In 1634 the British government began to employ the hangman in book burnings.
"By 1640 his presence had become a familiar aspect of a scene of street theatre designed to frighten onlookers. The locations selected for these ritual mock executions by fire were invariably large open public spaces in the Cities of London and Westminster and the Universities of Oxford and Cambridge; Cheapside, Smithfield, Paul’s churchyard and the Old Exchange in London, the New Palace at Westminster and the Market Place in Southwark. In a country where the bodies of heretics were no longer consigned to the flames but the Pope and other prominent Catholics were still burned in effigy, these book burnings were akin to a Protestant Auto da Fé by proxy.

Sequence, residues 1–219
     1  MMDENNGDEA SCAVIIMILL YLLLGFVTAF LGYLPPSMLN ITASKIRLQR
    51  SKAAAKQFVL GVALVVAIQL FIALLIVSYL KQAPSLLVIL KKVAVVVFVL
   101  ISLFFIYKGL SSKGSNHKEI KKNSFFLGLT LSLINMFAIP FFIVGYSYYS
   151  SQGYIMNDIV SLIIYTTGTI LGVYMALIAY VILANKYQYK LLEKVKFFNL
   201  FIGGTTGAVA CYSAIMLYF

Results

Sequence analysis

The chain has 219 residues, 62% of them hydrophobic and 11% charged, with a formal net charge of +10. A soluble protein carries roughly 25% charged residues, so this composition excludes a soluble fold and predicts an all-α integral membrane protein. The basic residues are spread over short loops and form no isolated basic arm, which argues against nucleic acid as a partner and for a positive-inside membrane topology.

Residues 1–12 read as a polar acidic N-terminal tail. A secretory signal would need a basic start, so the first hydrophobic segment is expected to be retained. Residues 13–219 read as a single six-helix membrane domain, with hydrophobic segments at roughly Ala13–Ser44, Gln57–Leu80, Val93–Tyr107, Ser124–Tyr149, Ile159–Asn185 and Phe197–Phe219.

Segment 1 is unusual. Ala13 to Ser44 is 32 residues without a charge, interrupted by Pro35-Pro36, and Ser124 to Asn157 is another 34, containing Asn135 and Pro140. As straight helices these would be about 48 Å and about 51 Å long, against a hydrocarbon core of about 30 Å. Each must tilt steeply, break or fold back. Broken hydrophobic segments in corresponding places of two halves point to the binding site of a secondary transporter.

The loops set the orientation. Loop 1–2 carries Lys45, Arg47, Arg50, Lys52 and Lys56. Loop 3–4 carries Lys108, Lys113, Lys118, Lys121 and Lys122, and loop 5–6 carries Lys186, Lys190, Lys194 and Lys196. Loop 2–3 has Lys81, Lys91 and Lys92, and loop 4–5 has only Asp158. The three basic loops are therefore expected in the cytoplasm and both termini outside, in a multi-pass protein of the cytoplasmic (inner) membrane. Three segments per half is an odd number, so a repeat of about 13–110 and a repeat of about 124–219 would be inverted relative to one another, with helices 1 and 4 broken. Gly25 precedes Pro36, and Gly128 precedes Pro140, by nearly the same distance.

"Burning books was an effective way of destroying particular printed texts, but not of eradicating them. The Roman Inquisition burned thousands of copies of Trattato Utilissimo Del Beneficio Di Giesu Christo Crocifisso (1541), yet it remains extant. In the same way it appears that at least one example survives of every book, pamphlet, broadsheet and newsbook ordered to be burned in England between 1640 and 1660. Indeed, there is evidence that book burning sometimes stimulated demand for condemned works by arousing the curiosity of collectors. As Daniel Defoe was to remark, he had heard a bookseller in the reign of James II say that 'if he would have a book sell, he would have it burnt by the hands of the common hangman' " (A. Hessayon, "Incendiary texts: book burning in England, c.1640 – c.1660", Cromohs, 12 (2007): 1-25; accessed 11-23-2008).